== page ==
The latest update from the Pennsylvania Patient Safety Authority’s reporting system database shows 12 wrong-site surgeries reported during the first quarter of 2009 (see Figure). Encouraging trends remain. The Southeastern Pennsylvania regional collaborative to prevent wrong-site surgery that began in March 2008 had one wrong-site anesthetic procedure reported among 30 facilities in February 2009 after a three-month hiatus from wrong-site procedures and an eight-month hiatus from wrong-site anesthetic blocks. The three-month hiatus is better than the 90th percentile for the time between reports for this group of hospitals. The Authority will continue to monitor the progress and continues to plan to replicate the initiative in another region.Figure. Pennsylvania Patient Safety Authority Wrong-Site Surgery Reports by Quarter
Of the 12 facilities that reported a wrong-site surgery event to the Authority this quarter, eight had reported wrong-site surgery previously—a total of 23 previous reports, for an average of almost three previous reports per repeat reporter. The cumulative 31 wrong-site surgery reports from these eight facilities represent almost exactly 10% of all wrong-site surgery reports in the Authority’s database.
Because of the lower-than-average number of reports of wrong-site surgery statewide this quarter, all the reports, edited for contextual deidentification, are described below. Analytical commentary follows the reports to emphasize principles that have been mentioned in previous Pennsylvania Patient Safety Advisory articles describing the results from the Authority’s Preventing Wrong-Site Surgery Project.*
The surgeon and the surgery team met with patient preoperatively. Discussion ensued between the patient and the surgeon about the skin lesion to be removed. The result of the discussion indicated that a particular lesion was to be removed. The lesion in question was circled and marked in front of the patient, family, and nurses in the preoperative area. The consent forms were not verified. The location on the consent indicated another location. The patient proceeded to the operating room (OR). The “time-out” procedure was performed. Verbiage during the time-out was miscommunicated. All the pre-, intra- and postoperative documentation was filled out according the consent form. Upon entering the recovery room, the family questioned the location of the dressing. The nurses were alerted, and corrective action began.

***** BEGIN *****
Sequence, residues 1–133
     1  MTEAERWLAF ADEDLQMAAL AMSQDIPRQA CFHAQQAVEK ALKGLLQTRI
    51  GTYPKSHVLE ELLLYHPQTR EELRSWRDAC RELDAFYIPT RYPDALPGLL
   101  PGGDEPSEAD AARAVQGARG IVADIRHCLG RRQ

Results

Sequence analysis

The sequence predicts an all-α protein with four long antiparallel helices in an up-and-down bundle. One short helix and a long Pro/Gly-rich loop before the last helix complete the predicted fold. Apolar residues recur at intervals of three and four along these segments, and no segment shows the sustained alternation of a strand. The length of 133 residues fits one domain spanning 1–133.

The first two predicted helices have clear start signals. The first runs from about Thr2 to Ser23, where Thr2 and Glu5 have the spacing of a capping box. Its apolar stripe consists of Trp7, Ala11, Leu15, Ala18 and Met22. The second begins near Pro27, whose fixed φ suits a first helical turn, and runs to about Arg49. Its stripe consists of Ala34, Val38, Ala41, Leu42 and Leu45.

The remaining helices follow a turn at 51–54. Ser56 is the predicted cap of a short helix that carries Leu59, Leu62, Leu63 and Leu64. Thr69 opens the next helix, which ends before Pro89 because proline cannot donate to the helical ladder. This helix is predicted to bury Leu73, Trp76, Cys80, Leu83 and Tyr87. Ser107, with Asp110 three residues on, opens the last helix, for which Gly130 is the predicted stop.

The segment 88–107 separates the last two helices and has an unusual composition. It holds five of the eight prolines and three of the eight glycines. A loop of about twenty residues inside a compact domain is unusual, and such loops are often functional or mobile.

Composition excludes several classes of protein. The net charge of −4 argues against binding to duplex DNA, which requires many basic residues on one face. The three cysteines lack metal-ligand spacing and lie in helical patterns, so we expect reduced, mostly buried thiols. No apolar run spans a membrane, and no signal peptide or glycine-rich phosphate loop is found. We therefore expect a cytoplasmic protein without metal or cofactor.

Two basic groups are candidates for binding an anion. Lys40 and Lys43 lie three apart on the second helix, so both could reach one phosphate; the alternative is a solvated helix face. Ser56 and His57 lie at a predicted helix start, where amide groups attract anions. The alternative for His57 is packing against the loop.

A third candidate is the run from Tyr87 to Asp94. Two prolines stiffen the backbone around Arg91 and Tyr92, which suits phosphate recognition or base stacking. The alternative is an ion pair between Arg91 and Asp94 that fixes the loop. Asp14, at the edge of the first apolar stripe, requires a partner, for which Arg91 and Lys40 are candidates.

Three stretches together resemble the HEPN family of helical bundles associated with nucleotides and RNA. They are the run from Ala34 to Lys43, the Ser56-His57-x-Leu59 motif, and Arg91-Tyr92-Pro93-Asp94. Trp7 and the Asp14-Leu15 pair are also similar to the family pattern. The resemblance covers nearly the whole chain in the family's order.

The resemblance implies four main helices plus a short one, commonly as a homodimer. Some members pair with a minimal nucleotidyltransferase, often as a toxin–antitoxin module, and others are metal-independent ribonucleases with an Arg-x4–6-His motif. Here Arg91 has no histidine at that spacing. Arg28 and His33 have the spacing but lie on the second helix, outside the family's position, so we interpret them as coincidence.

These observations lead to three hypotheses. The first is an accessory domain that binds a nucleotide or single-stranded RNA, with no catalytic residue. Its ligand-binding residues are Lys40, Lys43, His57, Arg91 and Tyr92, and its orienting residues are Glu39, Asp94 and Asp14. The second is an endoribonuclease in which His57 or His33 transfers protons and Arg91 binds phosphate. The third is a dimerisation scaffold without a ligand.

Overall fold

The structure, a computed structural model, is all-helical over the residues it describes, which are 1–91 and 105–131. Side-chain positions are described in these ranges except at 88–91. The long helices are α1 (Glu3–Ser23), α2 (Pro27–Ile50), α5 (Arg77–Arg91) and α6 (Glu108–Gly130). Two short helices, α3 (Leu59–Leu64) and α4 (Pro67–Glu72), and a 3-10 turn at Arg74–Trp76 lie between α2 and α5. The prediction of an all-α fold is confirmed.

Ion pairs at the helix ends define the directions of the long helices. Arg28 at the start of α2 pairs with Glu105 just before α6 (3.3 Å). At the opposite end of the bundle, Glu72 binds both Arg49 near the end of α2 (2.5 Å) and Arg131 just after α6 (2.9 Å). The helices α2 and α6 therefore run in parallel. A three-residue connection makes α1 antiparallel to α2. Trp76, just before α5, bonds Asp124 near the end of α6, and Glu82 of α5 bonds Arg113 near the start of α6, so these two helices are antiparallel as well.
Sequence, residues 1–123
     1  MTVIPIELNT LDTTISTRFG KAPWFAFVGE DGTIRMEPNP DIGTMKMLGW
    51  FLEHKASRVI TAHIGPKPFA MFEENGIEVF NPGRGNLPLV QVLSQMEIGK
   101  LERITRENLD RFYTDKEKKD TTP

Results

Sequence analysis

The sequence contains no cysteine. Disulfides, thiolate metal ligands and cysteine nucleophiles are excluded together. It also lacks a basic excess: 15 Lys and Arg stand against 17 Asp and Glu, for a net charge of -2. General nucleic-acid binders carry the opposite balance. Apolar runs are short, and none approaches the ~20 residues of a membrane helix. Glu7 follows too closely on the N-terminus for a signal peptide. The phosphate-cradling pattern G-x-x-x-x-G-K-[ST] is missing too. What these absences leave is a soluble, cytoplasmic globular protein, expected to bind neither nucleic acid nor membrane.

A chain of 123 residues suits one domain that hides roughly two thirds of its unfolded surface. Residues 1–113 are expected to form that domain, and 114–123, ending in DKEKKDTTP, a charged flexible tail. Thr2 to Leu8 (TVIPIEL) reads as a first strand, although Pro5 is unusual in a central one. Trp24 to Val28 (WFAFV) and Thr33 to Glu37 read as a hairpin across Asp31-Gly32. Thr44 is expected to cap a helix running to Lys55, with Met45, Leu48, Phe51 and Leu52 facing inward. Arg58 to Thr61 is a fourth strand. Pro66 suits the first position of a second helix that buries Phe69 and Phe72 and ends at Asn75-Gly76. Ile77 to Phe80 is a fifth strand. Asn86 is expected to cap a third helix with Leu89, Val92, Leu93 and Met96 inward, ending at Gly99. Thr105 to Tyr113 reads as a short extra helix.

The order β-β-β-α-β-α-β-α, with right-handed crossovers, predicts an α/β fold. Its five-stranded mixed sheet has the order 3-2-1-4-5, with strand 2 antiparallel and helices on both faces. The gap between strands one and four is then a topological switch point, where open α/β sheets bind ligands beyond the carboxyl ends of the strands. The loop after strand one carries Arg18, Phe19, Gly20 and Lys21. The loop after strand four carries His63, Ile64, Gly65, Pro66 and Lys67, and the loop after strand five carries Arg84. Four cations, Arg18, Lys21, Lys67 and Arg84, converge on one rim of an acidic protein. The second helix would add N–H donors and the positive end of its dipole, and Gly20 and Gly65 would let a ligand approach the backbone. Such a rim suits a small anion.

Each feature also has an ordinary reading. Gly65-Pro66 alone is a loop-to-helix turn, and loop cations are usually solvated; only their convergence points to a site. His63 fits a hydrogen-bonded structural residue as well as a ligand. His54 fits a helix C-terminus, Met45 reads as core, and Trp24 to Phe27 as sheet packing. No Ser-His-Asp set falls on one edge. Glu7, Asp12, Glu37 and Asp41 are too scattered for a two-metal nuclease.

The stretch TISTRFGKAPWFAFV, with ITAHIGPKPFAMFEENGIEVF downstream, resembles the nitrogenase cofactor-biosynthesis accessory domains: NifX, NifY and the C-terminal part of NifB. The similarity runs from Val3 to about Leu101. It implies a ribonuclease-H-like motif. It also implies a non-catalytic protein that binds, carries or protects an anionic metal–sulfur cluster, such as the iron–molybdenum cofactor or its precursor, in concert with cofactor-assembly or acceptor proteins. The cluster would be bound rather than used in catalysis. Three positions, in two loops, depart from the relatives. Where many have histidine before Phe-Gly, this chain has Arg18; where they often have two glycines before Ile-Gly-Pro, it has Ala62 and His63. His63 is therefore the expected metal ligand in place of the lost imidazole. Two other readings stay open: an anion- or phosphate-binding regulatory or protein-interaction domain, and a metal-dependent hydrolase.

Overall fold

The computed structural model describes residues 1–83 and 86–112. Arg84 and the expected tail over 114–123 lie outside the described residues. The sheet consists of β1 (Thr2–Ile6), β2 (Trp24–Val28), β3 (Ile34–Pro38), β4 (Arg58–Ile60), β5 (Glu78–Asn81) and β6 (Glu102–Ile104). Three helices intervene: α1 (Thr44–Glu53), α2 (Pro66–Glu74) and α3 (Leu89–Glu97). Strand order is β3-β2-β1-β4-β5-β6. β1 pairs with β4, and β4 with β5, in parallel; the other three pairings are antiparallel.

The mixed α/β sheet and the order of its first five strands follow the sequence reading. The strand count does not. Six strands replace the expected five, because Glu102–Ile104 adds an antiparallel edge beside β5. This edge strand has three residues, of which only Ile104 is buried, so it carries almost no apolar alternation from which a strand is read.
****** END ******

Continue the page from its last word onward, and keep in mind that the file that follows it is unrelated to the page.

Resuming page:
Commentary. On analysis, this event had two prime causes:
- The surgeon based the site marking on personal memory of the patient and the patient’s input, which the surgeon misinterpreted. The surgeon did not refer to the documents when marking the site. The family did not comment because they did not appreciate that the mark was a mark to indicate the site of the incision. The site mark should always be reconciled with all the pertinent documents. The results from the Preventing Wrong-Site Surgery Project have shown that this reconciliation needs to include the consent, the history and physical examination, and the schedule at a minimum.
- The consent was not referenced during the timeout. All information used in the time-out should be verified using the written records.
The patient was in the OR for excision of a subcutaneous lesion. The area had been marked preoperatively. The lesion was removed uneventfully. Postoperatively, the patient stated that the mass the patient expected to be removed had not been removed. The physician examined the area and found a second subcutaneous lesion superior to the suture line that had not been previously identified. This mass could only be appreciated with the patient in certain positions, and when the site was marked it was not seen.
Commentary. According to follow-up information captured through the Authority’s Wrong-Site/-Side Surgery Error Analysis Form, the surgeon did not involve the patient in any of the site verification process before marking the site. (A public version of this analysis form is available from the Authority.) The results from the project have shown the importance of verifying the site with all the pertinent documents and with the patient.